The tragedy, Voyle says, is, “Many victims don’t know that they’ve survived.”[Pause and reflect on that for a moment.]
Instead, they are so stuck in replaying that narrative of victimhood, that they haven’t moved on to recognize and tell their own story of survival, which they need to do in order to move beyond, to a story of thriving.
We have a lot of “victims” in our churches who are resistant to change. We need to help these people (young and old, alike) open themselves to new ideas and new possibilities. One such provocative idea/possibility from Volye is this: “What would happen to our churches if they … simply became places to support people to do what they love?”
In the Christian tradition, Voyle compared these three stories to:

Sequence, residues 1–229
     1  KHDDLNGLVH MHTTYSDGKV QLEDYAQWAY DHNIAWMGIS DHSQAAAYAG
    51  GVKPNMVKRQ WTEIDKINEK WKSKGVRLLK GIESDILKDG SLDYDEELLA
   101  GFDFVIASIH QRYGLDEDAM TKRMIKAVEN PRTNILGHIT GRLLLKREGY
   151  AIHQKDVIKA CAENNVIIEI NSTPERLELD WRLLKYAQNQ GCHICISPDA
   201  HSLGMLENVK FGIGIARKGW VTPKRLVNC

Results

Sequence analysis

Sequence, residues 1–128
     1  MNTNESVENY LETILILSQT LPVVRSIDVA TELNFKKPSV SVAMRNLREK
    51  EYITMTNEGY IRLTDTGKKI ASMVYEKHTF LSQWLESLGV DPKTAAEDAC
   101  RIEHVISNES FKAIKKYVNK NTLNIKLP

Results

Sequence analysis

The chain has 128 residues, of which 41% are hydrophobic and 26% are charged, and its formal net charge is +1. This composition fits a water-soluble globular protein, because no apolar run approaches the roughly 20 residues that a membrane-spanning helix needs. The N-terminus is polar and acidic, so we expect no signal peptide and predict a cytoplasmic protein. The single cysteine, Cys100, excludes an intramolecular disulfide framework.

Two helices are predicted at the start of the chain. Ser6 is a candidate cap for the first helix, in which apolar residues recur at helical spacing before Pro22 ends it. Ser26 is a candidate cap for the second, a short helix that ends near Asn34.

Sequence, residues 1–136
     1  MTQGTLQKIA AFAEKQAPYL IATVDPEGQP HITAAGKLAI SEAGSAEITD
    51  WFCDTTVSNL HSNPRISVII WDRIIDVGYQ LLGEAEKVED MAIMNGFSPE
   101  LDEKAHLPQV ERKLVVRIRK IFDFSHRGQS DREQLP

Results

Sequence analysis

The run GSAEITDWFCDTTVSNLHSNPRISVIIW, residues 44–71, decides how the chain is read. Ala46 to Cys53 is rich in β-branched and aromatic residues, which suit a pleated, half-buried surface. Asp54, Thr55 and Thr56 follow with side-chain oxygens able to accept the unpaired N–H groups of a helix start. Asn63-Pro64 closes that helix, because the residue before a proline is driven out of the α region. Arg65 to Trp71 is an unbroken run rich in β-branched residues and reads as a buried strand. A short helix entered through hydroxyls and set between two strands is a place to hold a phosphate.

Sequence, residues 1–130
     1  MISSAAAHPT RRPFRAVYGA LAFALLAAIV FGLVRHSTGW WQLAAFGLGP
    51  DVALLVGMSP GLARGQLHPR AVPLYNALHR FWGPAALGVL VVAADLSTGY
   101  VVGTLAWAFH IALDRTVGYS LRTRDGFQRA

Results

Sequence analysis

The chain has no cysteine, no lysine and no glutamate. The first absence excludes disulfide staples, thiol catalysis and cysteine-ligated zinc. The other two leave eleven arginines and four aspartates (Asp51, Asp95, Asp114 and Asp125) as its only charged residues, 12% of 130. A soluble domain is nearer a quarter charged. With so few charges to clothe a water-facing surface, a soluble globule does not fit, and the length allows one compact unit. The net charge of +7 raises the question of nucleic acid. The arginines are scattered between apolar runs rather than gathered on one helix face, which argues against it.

1) Bad/Good Friday (the crucifixion of Jesus)
2) Holy Saturday (the time of calm and yet confusion)
3) Resurrection Sunday (the victory of grace over death, the inbreaking of new life and new possibility, the event that turns Bad Friday into Good Friday)
What has this post got you thinking? Are you hurting, surviving, or thriving?
In this fantastic video from The Work of The People (recorded on the morning Bin Laden was killed, before it had been announced), Tripp Fuller shares a thought-provoking story about serving eucharist to Osama Bin Laden.